Theses Doctoral

Impact of adult hippocampal neurogenesis on behavior

Denny, Christine

The role of adult hippocampal neurogenesis in behavior, especially contextual fear conditioning (CFC), is debated. Several studies demonstrated that blocking adult hippocampal neurogenesis in rodents impairs CFC, while several other studies failed to observe impairment. We sought to determine whether different CFC methods vary in their sensitivity to the arrest of adult neurogenesis. Adult neurogenesis was arrested in mice using low-dose, targeted x-irradiation, and the effects of x-irradiation were assayed in conditioning procedures that varied in the use of a discrete conditioned stimulus, the number of trials administered, and the final level of conditioning produced. We demonstrate that x-irradiation impairs CFC in mice when a single-trial CFC procedure is used but not when multiple-trial procedures are used, regardless of the final level of contextual fear produced. In addition, we show that the x-irradiation-induced deficit in single-trial CFC can be rescued by providing pre-exposure to the conditioning context.

These results indicate that adult hippocampal neurogenesis is required for CFC in mice only when brief training is provided. We next sought to determine the age at which adult-born hippocampal neurons contribute to behaviors such as CFC and novel object recognition (NOR). NOR was assessed in mice after neurogenesis was arrested using focal x-irradiation of the hippocampus, or a reversible, genetic method in which glial fibrillary acidic protein-positive neural progenitor cells are ablated with ganciclovir. Arresting neurogenesis did not alter general activity or object investigation during four exposures with two constant objects. However, when a novel object replaced a constant object, mice with neurogenesis arrested by either ablation method showed increased exploration of the novel object when compared with control mice.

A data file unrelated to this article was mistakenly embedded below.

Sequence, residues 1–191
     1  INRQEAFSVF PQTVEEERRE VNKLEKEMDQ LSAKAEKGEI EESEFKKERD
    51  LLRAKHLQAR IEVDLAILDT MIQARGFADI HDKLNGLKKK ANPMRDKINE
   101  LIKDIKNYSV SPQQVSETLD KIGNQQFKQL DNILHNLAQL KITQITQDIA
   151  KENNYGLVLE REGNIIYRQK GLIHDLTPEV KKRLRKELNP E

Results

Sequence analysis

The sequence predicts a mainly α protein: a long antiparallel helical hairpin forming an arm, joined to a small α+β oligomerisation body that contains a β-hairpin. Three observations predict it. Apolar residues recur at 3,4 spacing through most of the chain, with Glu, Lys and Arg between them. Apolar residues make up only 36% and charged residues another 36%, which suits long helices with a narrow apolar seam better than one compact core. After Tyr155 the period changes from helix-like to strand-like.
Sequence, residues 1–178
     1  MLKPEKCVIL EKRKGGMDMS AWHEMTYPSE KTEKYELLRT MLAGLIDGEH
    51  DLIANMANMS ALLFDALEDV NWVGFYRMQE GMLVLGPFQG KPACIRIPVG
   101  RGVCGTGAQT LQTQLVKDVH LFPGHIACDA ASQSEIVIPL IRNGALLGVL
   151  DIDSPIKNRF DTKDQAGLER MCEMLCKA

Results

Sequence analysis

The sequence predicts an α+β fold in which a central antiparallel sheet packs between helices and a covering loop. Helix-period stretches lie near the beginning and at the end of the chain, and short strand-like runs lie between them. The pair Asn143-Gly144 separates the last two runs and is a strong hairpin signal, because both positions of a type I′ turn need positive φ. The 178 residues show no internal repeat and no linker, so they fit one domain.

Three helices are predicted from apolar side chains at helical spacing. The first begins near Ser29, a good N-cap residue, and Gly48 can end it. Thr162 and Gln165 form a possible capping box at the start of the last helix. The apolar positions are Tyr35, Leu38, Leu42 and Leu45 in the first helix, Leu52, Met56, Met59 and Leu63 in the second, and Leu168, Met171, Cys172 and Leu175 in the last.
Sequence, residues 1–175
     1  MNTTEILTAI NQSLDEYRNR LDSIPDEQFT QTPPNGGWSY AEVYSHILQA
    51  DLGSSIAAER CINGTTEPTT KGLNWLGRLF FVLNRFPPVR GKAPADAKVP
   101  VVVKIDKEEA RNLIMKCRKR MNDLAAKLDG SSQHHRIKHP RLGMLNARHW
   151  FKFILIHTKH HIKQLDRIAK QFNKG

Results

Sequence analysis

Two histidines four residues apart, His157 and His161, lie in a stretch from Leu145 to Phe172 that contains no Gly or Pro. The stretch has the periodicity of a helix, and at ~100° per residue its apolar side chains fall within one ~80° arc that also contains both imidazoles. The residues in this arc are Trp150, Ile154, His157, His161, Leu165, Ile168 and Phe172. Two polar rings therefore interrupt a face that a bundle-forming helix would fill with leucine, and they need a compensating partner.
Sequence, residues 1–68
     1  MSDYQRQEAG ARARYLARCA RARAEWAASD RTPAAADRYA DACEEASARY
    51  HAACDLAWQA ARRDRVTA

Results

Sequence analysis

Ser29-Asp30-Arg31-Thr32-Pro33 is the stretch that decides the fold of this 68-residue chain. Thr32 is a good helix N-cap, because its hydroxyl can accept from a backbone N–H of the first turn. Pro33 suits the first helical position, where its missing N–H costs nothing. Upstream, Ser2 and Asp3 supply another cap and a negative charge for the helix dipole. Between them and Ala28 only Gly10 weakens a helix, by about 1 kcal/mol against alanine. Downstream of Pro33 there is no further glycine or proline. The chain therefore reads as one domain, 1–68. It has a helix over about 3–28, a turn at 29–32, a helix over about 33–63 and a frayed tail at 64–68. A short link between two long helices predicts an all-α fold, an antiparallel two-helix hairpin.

The increased novel object exploration did not manifest until 4-6 weeks after x-irradiation or 6 weeks following a genetic ablation, indicating that exploration of the novel object is increased specifically by the elimination of 4- to 6-week-old adult born neurons. The increased novel object exploration was also observed in older mice, which exhibited a marked reduction in neurogenesis relative to young mice. Mice with neurogenesis arrested by either ablation method were also impaired in one-trial contextual fear conditioning (CFC) at 6 weeks but not at 4 weeks following ablation, further supporting the idea that 4- to 6-week-old adult born neurons are necessary for specific forms of hippocampus-dependent learning, and suggesting that the NOR and CFC effects have a common underlying mechanism. These data suggest that the transient enhancement of plasticity observed in young adult-born neurons contributes to cognitive functions. Finally, we sought to understand how a memory trace is formed and retrieved in the DG and in CA3, and whether adult hippocampal neurogenesis modulates these events. Our hypothesis is that the cells reactivated during recall of a memory are a component of the memory trace. We have designed a novel tool to test this hypothesis not just in a short time period but also on a longer timescale.

We, therefore, created an ArcCreERT2 BAC transgenic mouse that allows for the permanent labeling of cells expressing the IEG Arc/Arg3.1 and allows for a comparison between the cells that are activated during the encoding of an experience and those that are activated during the retrieval of the corresponding memory. To test our hypothesis of the memory trace, we have performed various manipulations that affect hippocampus-dependent memory: 1) contextual differences (fearful versus non-fearful context), 2) time (recent versus remote memory), and 3) arrest of adult hippocampal neurogenesis (x-irradiation and social defeat). We find that levels of reactivation in CA3, both in the presence and in the absence of neurogenesis, are correlated with the strength of the memory, which suggests that the cells reactivated in CA3, are a component of the memory trace.


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More About This Work

Academic Units
Biological Sciences
Thesis Advisors
Hen, Rene
Ph.D., Columbia University
Published Here
April 30, 2012